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Author Topic: AFRICAN ROCK ART  (Read 6290 times)
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« Reply #15 on: December 17, 2009, 12:36:35 pm »


The “Great Fishing God” of Sefar is thus potential evidence that there is indeed a link between Egypt and the Tassili. Some of the rock paintings also show boats, such as at Sefar and Aouanrhet. These depictions are very similar if not identical to what was discovered by the likes of Toby Wilkinson in similar sites and similar rock paintings in the region between the Nile and the Red Sea. He dated these paintings to the 5th millennium BC, which overlaps with the paintings of the Tassili. Like the Tassili, the desert area where Wilkinson uncovered these paintings was then verdant grassland. Like the Tassili, these Egyptian paintings are a complex mixture of motifs, depicting crocodiles, hippos and boats from the Nile alongside ostriches and giraffes from the savannah, and suffused with cattle imagery and the religious symbolism that would characterize classical Egyptian art. This should by now sound familiar…

For Wilkinson, these rock paintings show that pre-Pharaonic Egyptians were not settled flood-plain farmers, but semi-nomadic herders who drove their cattle in between the lush riverbanks and the drier grasslands. He also identified that several of these paintings were located around ancient trade routes. For a “semi-nomadic people”, it is by no means a long stretch of the imagination to argue that they trekked throughout the savannah, from east to west and backwards. And thus, in Pre-dynastic Egypt, Egypt and the Tassili were more than likely “one”. So there is an Egyptian connection, but rather than arguing for a connection around 1200 BC, based on the fake paintings Lhote fell for, the connection can actually be found in predynastic Egypt.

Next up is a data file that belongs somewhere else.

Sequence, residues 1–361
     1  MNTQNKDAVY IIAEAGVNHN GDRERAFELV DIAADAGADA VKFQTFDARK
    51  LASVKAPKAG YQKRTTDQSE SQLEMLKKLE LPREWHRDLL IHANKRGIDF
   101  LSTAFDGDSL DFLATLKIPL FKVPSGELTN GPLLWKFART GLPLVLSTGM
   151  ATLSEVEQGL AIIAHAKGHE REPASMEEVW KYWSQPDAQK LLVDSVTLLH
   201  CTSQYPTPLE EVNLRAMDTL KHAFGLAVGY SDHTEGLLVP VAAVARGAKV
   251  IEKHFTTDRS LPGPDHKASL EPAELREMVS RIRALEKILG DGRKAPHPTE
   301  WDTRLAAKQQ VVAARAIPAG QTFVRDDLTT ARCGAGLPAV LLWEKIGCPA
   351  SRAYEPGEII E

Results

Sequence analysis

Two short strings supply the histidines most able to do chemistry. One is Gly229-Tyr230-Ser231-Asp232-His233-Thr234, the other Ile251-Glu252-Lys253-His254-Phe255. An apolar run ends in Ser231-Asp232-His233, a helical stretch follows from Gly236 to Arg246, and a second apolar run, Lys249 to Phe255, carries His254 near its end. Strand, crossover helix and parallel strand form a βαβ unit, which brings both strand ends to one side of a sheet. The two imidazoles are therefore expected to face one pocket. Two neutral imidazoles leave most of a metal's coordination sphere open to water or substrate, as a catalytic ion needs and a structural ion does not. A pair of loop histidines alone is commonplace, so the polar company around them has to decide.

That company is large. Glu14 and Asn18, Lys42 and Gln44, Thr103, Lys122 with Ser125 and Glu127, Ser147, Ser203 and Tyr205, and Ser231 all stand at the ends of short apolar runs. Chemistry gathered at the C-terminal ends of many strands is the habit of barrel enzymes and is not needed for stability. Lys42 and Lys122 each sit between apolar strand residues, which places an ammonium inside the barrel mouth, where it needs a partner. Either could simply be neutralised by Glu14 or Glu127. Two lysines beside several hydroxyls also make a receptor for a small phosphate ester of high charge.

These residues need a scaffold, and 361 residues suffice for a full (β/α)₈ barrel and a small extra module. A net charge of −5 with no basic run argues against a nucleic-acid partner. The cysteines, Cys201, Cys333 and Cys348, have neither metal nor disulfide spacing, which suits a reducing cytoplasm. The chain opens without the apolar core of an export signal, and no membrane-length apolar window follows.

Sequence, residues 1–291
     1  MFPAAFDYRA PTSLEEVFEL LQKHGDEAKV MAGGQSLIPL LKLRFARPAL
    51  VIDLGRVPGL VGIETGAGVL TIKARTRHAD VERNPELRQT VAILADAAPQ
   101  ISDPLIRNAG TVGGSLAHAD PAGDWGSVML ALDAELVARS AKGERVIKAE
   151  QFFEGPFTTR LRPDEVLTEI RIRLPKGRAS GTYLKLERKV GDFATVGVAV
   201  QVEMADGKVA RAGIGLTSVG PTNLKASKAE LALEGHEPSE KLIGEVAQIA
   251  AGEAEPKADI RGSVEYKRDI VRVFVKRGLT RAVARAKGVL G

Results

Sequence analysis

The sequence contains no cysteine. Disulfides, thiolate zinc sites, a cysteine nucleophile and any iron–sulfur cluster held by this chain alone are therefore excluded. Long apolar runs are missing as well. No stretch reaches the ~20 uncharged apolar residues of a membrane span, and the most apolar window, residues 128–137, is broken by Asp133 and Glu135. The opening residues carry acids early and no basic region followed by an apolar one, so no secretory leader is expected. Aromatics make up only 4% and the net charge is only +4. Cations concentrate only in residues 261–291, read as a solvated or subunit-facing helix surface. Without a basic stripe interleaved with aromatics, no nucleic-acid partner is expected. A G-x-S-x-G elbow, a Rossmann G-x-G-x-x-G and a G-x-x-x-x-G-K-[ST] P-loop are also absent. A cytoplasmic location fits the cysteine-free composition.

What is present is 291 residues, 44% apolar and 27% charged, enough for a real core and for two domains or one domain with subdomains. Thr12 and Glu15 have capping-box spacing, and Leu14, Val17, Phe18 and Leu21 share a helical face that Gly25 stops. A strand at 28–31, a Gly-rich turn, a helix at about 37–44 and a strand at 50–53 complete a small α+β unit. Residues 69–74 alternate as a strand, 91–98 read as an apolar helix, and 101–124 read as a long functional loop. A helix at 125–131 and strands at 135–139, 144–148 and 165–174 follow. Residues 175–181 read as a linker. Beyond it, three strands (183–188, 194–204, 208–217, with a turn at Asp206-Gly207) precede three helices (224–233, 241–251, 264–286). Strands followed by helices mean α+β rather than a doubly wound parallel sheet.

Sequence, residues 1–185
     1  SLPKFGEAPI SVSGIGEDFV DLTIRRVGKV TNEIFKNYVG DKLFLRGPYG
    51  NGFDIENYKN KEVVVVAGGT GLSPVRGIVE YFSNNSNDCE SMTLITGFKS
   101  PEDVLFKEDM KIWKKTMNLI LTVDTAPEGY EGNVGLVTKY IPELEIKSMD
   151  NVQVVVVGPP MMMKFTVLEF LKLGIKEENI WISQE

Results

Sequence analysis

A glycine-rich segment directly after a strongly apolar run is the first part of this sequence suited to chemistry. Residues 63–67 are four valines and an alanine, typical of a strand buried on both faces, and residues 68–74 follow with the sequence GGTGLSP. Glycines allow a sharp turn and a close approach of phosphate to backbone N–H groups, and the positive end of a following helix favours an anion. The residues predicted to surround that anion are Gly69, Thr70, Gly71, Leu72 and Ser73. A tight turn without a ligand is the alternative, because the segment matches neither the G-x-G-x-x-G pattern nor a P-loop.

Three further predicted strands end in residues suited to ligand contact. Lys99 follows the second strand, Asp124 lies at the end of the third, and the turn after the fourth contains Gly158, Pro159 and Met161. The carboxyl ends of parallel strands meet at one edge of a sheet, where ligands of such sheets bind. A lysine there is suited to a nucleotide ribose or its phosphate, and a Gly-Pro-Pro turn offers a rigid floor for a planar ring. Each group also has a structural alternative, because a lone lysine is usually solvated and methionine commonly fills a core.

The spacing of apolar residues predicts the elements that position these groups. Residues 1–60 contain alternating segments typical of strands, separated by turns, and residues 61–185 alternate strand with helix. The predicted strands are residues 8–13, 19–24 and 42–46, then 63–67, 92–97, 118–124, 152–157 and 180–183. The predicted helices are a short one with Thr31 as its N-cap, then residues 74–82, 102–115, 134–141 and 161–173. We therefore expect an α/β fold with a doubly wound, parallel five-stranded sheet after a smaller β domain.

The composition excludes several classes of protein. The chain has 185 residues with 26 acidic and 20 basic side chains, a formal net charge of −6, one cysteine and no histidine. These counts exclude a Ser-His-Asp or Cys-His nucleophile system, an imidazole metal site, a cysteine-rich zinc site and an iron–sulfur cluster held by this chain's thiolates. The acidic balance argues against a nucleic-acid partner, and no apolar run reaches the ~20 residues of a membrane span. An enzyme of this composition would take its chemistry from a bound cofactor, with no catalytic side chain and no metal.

Though the Tassili paintings are by far the best known, they are not the only area where such paintings can be found. Nearby areas such as Acacus and Messak have revealed similar rock paintings. It confirms that the Tassili was not an isolated incident, but part of a larger whole. Both Wilkinson and Zitman argue for a radical reinterpretation of the origins of ancient Egypt. For Wilkinson, the rock paintings in southern Egypt provide proof that it is there that we should look for the “Genesis of the Pharaohs” (the title of his book).

For Zitman, the origin of ancient Egypt can be found in a culture and area that stretches into the Tassili, where there is the pose painted on a cliff face in Sefar that would later adorn the front walls of several Egyptian temples. And that cannot be a coincidence. Furthermore, it also coincides with what Lhote wrote : “The most common profile suggested that of Ethiopians, and it was almost certainly from the east that these great waves of pastoralist immigrants came who invaded not only the Tassili but much of the Sahara.”

The Tassili has thus added a new chapter to African history – but it is a new chapter at the beginning of the book. It is the history of what is known as the “Neolithic wet period”, which lasted from 9000 to 2500 BC, when much of the Sahara was habitable for humans, when the dunes were covered with grassland, supporting hippos, lions, crocodiles, zebras, giraffes, etc. By 7000 BC, there were hunters, dancers, bakers and even sailors. There were shamans, leaving rock paintings on the cliff faces. The earliest examples of Saharan rock art are invariably engravings, sometimes on a very large scale, representing the ancient and partially extinct wildlife. That they were at this time nomadic hunters is inferred from a lack of representations of domestic animals.

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